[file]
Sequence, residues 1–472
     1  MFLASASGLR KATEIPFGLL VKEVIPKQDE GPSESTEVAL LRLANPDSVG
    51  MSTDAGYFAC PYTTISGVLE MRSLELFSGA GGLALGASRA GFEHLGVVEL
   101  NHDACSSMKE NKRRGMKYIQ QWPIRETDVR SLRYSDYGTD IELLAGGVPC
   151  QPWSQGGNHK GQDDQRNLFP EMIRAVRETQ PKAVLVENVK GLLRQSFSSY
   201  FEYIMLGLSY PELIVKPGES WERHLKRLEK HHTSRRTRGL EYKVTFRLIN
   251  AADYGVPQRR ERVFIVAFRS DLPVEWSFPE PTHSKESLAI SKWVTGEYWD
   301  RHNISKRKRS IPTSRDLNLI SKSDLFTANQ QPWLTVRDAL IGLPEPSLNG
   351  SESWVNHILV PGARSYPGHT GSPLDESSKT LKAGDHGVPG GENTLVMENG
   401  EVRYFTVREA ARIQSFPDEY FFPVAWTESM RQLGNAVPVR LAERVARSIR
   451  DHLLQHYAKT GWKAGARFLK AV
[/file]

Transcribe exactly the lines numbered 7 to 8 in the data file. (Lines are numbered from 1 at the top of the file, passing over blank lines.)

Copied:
   251  AADYGVPQRR ERVFIVAFRS DLPVEWSFPE PTHSKESLAI SKWVTGEYWD
   301  RHNISKRKRS IPTSRDLNLI SKSDLFTANQ QPWLTVRDAL IGLPEPSLNG